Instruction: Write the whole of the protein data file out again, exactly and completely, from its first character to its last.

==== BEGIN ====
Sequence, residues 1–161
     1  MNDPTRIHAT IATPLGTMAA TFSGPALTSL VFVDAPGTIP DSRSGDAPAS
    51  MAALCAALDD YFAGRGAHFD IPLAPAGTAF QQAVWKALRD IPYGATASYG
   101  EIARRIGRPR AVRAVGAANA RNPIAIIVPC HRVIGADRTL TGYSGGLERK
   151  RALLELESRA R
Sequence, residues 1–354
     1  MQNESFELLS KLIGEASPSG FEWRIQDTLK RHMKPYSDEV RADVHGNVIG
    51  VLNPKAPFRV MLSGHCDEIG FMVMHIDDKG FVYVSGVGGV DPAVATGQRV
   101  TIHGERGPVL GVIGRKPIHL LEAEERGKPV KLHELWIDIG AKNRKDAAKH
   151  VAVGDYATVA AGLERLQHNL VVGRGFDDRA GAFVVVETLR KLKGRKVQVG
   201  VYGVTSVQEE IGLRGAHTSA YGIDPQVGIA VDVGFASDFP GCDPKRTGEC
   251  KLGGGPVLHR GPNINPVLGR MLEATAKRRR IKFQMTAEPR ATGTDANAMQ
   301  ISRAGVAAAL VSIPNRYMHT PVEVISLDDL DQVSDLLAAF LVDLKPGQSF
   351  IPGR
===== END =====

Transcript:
Sequence, residues 1–161
     1  MNDPTRIHAT IATPLGTMAA TFSGPALTSL VFVDAPGTIP DSRSGDAPAS
    51  MAALCAALDD YFAGRGAHFD IPLAPAGTAF QQAVWKALRD IPYGATASYG
   101  EIARRIGRPR AVRAVGAANA RNPIAIIVPC HRVIGADRTL TGYSGGLERK
   151  RALLELESRA R
Sequence, residues 1–354
     1  MQNESFELLS KLIGEASPSG FEWRIQDTLK RHMKPYSDEV RADVHGNVIG
    51  VLNPKAPFRV MLSGHCDEIG FMVMHIDDKG FVYVSGVGGV DPAVATGQRV
   101  TIHGERGPVL GVIGRKPIHL LEAEERGKPV KLHELWIDIG AKNRKDAAKH
   151  VAVGDYATVA AGLERLQHNL VVGRGFDDRA GAFVVVETLR KLKGRKVQVG
   201  VYGVTSVQEE IGLRGAHTSA YGIDPQVGIA VDVGFASDFP GCDPKRTGEC
   251  KLGGGPVLHR GPNINPVLGR MLEATAKRRR IKFQMTAEPR ATGTDANAMQ
   301  ISRAGVAAAL VSIPNRYMHT PVEVISLDDL DQVSDLLAAF LVDLKPGQSF
   351  IPGR